-Tristor: An outrageous splice, with 32-bit Zero’s head colored black, his chest and shoulders colored gold, the wings from MM8 Bass’ Treble Boost colored gray, two of 32-bit Megaman’s Mega Buster colored red for his arms, Proto Man’s legs, and one of Spike Rosered’s vines which he uses like a whip despite not having hands. Since it functions like a whip, he can swing and brandish it, and use a couple of Castlevania subweapons, in addition to firing his twin Mega Busters, hovering and grappling to the terrain. For his Final Smash, he uses both Grand Cross and Rakuhouha at the same time- a huge energy cross appears from him, and he shoots plasma shots in nine directions.
-Virus: A splice with Freeze Man’s head, torso and shoulders, Turbo Man’s arms and Shade Man’s boots, all from their Power Battles/Power Fighters sprites, and colorswapped to a mostly red and gray palette. Like Otto von Brunswick, he has all three of his component Robot Masters’ special weapons, the Freeze Cracker, Fire Wheel and Noise Crush.
-Vyse: A wonky, dithered edit of MM7 Megaman with a pair of flat-looking swords. His only attack is to turn left and right as if he was spinning, making the tornado noise from Kirby’s Dream Land 2 and rapidly hitting you if you’re in range. This makes him hover, so it’s his sole means of attack and recovery.
-Wilyzoid Mode Zero: A jumbled combination of parts from the Game Boy sprites of Zero and Serges, with the only definite features being Zero’s helmet, hands and feet, and Serges’ face. He can drop energy mines, and use the X6 version of the Z-Buster, which will hurt you more if he fires it from a shorter range. On Very Hard or higher, he can KO you with one point-blank shot of the Z-Buster.
-Wooodsorrddoom: Life Virus, but with one of its minions’ heads for its head. It holds a drastically stretched WoodTower, and has exactly three moves. It can fire its Dream Beam with equivalent strength to a simple punch or kick, activate LifeAura to absorb one hit, and make a WoodTower sprout in front of it.
-Xotoeroman: A splice of MM7 Megaman’s head and arms, 32-bit Zero’s body and 32-bit X’s legs, all palette swapped to make the result mostly black with red thighs and chest lights, and incorrect shading on his arms. He has slight dithering on his sprite, and his left arm appears broken, but he can actually use that arm like a tentacle to imitate a couple of Yamazaki’s slashing attacks, and grapple to the terrain. His Final Smash lets him extend his arm in any direction until he snatches someone, then the screen goes test-pattern for a split second (the implication being Xotoeroman has raped them) before his victim takes a huge hit for about 50% damage.
-Yellowhead: An indescribable blob that looks like it might’ve been an attempt to draw Roll from scratch. For no good reason, it imitates Chun-Li’s kicks and special moves.
-Zerox: A yellow 32-bit Zero with red hair and two Z-Sabers. He can hit four times in a row, but when he enters the fray, a gray 32-bit Zero without hair also appears, and they automatically fight each other until one is knocked out of the stage. Whoever remains will then attack you.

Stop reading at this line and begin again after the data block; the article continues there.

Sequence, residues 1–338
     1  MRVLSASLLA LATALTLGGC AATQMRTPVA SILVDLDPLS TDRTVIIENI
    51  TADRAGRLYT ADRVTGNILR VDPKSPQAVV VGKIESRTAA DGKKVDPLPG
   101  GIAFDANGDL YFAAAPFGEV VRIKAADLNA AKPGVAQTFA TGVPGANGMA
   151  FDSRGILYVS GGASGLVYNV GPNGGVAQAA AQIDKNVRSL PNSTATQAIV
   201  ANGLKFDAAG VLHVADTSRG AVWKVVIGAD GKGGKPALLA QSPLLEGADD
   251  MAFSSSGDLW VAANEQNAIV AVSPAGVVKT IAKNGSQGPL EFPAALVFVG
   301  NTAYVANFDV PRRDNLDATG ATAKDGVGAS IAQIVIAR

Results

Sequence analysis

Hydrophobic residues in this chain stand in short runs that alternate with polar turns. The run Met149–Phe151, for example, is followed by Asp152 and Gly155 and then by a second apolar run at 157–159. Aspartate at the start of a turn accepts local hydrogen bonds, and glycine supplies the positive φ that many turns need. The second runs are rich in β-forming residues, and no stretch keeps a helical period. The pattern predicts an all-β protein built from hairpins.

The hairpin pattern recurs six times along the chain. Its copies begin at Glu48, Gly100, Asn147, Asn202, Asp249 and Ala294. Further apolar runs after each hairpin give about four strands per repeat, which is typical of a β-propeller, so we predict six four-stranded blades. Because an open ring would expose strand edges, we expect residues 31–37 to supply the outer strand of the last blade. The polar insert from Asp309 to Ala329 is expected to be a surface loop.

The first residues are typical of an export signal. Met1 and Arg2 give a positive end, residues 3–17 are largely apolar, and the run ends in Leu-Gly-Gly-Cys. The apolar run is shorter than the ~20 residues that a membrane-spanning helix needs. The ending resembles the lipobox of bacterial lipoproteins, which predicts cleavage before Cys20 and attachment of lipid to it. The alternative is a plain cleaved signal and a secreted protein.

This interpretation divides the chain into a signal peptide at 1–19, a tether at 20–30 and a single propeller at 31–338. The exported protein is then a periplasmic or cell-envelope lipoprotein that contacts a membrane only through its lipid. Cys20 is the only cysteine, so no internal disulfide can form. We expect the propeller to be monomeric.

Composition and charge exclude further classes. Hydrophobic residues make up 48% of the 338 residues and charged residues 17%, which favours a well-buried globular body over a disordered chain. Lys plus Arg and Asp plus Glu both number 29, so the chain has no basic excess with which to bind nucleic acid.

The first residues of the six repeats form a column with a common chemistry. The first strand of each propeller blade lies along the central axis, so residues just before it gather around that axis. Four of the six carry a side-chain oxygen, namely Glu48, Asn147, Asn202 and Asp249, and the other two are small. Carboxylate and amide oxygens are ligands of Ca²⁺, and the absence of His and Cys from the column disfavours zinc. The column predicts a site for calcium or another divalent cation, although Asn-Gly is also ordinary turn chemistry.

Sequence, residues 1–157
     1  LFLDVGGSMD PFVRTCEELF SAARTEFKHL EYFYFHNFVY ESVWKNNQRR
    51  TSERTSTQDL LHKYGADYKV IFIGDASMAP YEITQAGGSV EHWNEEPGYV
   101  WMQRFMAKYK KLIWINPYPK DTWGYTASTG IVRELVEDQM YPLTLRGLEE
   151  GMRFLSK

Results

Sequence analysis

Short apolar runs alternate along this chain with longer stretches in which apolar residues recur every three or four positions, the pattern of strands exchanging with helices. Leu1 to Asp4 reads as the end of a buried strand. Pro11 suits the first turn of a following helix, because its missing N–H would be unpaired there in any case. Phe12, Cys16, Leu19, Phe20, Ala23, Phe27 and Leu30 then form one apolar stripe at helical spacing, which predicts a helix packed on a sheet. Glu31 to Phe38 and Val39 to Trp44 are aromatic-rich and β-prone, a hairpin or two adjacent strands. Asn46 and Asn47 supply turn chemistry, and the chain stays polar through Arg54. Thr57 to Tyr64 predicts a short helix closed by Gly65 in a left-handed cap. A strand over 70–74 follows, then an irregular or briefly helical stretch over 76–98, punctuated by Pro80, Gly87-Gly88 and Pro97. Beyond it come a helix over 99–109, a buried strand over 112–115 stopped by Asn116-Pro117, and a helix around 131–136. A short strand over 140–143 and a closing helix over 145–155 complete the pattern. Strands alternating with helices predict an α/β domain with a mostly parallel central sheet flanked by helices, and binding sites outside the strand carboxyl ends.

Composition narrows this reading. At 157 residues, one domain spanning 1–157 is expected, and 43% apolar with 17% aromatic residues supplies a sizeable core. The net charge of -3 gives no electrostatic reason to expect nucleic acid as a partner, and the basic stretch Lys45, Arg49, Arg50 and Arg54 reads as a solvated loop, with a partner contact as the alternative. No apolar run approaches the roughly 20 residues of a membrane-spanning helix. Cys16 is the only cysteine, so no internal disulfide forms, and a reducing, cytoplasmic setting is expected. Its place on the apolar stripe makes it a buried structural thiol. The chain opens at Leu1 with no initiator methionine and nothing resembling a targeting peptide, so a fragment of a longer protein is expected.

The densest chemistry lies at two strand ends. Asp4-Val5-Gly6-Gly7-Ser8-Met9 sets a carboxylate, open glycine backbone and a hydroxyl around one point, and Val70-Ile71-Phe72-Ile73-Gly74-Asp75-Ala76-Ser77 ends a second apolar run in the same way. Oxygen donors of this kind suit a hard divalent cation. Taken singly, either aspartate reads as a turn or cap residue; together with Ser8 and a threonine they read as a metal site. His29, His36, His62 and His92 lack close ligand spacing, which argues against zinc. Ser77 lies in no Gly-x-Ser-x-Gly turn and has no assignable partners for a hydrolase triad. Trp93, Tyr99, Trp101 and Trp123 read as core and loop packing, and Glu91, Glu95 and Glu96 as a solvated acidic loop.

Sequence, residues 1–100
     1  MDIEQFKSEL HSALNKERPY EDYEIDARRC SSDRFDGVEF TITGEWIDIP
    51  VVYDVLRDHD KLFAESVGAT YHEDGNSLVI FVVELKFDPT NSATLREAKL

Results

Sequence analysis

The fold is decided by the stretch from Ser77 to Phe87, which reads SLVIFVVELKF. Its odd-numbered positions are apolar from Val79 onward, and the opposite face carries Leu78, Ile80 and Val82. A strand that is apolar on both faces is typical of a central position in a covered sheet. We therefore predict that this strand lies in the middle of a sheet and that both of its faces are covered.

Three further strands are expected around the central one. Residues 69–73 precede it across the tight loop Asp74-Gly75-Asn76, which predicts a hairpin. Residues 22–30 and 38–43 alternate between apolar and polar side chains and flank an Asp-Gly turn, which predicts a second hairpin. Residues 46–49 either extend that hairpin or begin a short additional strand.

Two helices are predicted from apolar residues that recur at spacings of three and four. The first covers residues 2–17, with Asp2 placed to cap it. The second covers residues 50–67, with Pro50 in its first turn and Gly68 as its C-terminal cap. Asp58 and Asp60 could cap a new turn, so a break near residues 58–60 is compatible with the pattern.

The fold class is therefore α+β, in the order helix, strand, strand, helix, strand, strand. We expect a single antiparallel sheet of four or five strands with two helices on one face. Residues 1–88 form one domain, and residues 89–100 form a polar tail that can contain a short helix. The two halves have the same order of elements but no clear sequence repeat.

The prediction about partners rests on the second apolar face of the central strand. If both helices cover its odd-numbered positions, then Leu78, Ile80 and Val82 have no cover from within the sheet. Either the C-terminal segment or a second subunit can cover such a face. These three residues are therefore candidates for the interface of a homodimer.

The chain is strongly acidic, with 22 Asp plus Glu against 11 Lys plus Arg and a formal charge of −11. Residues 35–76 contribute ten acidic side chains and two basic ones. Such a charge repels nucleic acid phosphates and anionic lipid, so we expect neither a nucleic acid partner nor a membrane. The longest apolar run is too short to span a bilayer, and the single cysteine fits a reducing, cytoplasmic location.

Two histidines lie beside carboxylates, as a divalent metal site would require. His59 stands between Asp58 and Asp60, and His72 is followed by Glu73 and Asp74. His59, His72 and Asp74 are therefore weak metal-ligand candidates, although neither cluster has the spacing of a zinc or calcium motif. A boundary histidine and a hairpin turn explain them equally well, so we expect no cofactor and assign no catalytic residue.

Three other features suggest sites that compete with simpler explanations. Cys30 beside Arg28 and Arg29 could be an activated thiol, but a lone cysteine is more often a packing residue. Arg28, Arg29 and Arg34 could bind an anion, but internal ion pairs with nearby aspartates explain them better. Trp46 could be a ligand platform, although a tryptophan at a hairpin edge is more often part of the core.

There’s one other boss I forgot to add in Part 2, so I’ll tell you about it here real quick-like.
-Z-GRADT (Virtual On) The last boss of the original Virtual On, this big lumbering machine is armed with lots of weapons designed to make it hard to approach and harder to avoid. In the Sega Ages port of the game, you could actually play as Z-GRADT in a special mode where you fought the rest of the playable Virtuaroids.
[Damage resistance]: Normally, your attacks will barely make a dent in Z-GRADT’s health. It only takes proper damage during its strongest attack.
Ring Laser: It shoots double-layered versions of Bal-Bas-Bow’s Ring Laser.
Phalanx: Hatches on Z-GRADT open and launch bombs that create waves of explosions.
Laser guns: While stomping around, Z-GRADT sometimes shoots simple laser beams every which way.
Floating Mine: It also dispenses Floating Mines like Bal-Bas-Bow, but in greater volume.
Laser cannon: At regular intervals, Z-GRADT stops and diverts all of its energy to an enormous laser cannon which unfolds, then fires a sweeping beam of destruction which can potentially KO you in one hit on Normal or higher. During the entire attack and its recovery time, Z-GARDT’s defenses are lowered, and your attacks will deal full damage. You can see it turn brown during the entire time that it’ll take full damage.
In this part, I’ll be describing some of the boss battles I’d want to see in another Super Smash Bros. game in excruciating detail, along with their attacks, and some other things. For one thing, you wouldn’t have to weaken bosses to get their trophies with a Trophy Stand like you were catching a Pokemon. Instead, when you hit them with a Trophy Stand it would scan their data like the Copy power from Kirby Super Star, then become a trophy you can pick up. That way, it wouldn’t be necessary to fight them any differently than normal, and you’d still get to see their death animation.